Archive for Jun, 2015


Morning after the night before

Looking a bit rough and ready was this little chap that appeared on one of our tours on the marshes the other day. Not quite resplendent in his summer garb but this Ruff was sort of … well … ‘getting there’.



Logistics without limits

A break from the motorway traveling north last month saw us pulling out of the services around the usual myriad of mini roundabouts. A casual glance into a lorry park made me take one of the roundabouts again to take a better look. One of the lorry drivers was sharing his sandwiches with a flock of domestic geese but it was a goose on the outside of the flock that grabbed my attention.

It was a Pinkfoot. Now, you tell me, what was a Pink-footed Goose doing at a service station on the A74? I pulled over and we took a few photographs, the moment being immortalised by Pauline Walton, one of my guests. I’m guessing the goose had suffered some injury on its way back north this spring and had taken allegiance with its domesticated brethren. In fact one of the wings looked a little damaged although it appeared in tact and didn’t appear pinioned.

Expect anything at anytime!

Pink footed Goose

copywrite: Pauline Walton

Pinkfooted Goose


What’s it all about

Do I get enjoyment from leading tours? Of course I do. Sure I love seeing birds and other wildlife but the best value I get is showing a guest something they have never seen before. When whatever it is shows well then that’s when I get really excited for them. Strongly imprinted memories live long in the mind. When something shows well those memories are well and truly burned into place. For me it’s always more about the people than about what they are looking at.

I always ask my guests after a tour what was their best moment. Sometimes it’s hard to filter out what was best among a throng of bests but on the latest Mull Tours the sightings of Corncrake more often than not came out on top. Some really good sightings this year of this enigmatic species both on the ground and in the air. Long may that continue.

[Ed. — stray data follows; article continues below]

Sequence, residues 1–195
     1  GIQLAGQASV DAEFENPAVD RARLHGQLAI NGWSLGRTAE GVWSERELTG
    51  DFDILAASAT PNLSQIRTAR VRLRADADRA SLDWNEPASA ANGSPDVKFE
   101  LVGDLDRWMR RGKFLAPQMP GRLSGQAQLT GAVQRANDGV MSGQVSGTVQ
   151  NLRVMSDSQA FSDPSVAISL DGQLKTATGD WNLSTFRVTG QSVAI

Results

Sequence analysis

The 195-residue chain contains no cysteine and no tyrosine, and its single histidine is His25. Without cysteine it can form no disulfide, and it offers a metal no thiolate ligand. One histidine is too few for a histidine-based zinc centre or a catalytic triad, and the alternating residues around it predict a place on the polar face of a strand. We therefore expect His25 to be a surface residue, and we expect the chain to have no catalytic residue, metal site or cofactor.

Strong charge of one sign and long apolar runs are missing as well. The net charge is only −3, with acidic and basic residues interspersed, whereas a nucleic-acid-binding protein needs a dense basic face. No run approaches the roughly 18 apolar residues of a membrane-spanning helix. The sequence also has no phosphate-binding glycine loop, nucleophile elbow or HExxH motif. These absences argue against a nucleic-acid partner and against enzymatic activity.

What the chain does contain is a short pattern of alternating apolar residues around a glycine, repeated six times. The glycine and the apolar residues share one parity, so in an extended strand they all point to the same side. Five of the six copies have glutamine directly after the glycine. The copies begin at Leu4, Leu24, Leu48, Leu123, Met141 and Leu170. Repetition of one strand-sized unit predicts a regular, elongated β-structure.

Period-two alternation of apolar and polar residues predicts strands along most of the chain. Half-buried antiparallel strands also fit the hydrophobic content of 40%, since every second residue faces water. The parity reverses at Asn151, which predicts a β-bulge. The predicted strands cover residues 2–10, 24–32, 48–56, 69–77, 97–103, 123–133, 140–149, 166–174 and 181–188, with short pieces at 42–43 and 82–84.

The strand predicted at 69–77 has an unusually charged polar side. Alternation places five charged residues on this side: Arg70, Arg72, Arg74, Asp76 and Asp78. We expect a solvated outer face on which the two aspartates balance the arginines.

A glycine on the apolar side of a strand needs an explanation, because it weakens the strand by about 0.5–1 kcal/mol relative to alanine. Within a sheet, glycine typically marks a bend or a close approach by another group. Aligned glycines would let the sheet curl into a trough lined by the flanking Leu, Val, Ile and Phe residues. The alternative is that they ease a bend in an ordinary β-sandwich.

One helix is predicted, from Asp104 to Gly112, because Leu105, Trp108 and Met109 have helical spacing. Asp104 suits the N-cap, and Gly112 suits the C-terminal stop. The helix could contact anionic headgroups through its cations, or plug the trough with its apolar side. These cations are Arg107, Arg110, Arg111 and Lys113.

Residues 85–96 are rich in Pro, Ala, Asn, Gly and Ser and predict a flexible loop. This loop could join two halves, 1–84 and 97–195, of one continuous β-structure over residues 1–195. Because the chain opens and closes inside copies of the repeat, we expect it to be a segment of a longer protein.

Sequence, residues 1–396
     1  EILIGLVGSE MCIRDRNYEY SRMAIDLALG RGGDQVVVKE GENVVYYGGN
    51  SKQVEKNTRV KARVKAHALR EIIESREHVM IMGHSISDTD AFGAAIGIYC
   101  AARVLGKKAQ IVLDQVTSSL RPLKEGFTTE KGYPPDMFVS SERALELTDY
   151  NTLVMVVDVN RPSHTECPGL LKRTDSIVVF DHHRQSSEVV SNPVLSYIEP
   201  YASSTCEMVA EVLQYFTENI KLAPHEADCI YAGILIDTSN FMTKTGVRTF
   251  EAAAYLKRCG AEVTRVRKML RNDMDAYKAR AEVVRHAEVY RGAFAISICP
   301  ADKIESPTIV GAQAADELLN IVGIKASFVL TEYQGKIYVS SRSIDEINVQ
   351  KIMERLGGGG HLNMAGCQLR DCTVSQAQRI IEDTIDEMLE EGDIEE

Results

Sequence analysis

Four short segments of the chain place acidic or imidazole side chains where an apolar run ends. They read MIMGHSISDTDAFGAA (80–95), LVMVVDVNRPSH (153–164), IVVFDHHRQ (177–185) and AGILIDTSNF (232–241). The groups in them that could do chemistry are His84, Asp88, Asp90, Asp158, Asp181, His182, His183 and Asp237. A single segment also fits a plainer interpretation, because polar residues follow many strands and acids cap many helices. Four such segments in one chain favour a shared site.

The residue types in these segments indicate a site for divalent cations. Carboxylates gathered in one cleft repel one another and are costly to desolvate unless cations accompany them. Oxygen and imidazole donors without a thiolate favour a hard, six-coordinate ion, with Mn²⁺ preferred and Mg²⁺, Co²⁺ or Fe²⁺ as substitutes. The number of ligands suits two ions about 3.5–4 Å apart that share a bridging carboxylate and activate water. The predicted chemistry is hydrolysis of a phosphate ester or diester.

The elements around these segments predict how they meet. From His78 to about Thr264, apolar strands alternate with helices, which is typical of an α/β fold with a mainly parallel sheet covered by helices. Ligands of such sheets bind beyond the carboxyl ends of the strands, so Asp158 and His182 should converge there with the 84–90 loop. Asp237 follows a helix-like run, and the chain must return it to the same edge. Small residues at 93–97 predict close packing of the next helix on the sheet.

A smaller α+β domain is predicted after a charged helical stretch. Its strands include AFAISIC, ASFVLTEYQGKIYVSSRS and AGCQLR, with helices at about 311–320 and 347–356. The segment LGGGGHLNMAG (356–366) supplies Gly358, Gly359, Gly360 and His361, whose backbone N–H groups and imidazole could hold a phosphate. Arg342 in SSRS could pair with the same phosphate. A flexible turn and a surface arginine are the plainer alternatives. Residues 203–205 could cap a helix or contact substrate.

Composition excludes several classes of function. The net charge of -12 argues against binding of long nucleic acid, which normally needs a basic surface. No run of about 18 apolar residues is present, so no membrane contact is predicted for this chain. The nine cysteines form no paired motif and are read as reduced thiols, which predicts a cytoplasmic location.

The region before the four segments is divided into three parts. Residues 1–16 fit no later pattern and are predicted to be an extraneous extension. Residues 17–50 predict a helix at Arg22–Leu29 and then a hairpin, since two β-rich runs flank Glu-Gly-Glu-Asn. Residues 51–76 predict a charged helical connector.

Corncrake 1



Man Alive!

Monday saw us out about Norfolk on the ‘Photographing Orchids’ day. Without a doubt the overwhelming highlight were several spikes of Man Orchid; more pristine than I have ever seen them before, and incredibly rare in Norfolk.

One of the best sources of information on Norfolk’s Orchids is available as a free pdf download from the Norfolk and Norwich Naturalist’s Society.

Man Orchid


Amid a cauldron of Mountains

Driving down to the south of Mull on our second tour to the western Isle this spring the mist was hanging over the peaks. The mountains surrounded us. We were driving through a cauldron of rock and scree that rose imposingly from the undulating valley bottom. It was just after the second time of asking my guests to keep an eye open for raptors that the shout went up.

I pulled in and immediately saw two large birds of prey. It didn’t take long to put a label on them as our second and third Golden Eagles of the trip. We were delighted when one bird started to sky dive and display to the other. Impressive birds these; the kings of raptors. We spent a good ten minutes watching the birds before the rosettes of Common Butterwort that surrounded us took our attention and the birds disappeared behind distant crags.

Golden Eagle

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Jun 2015


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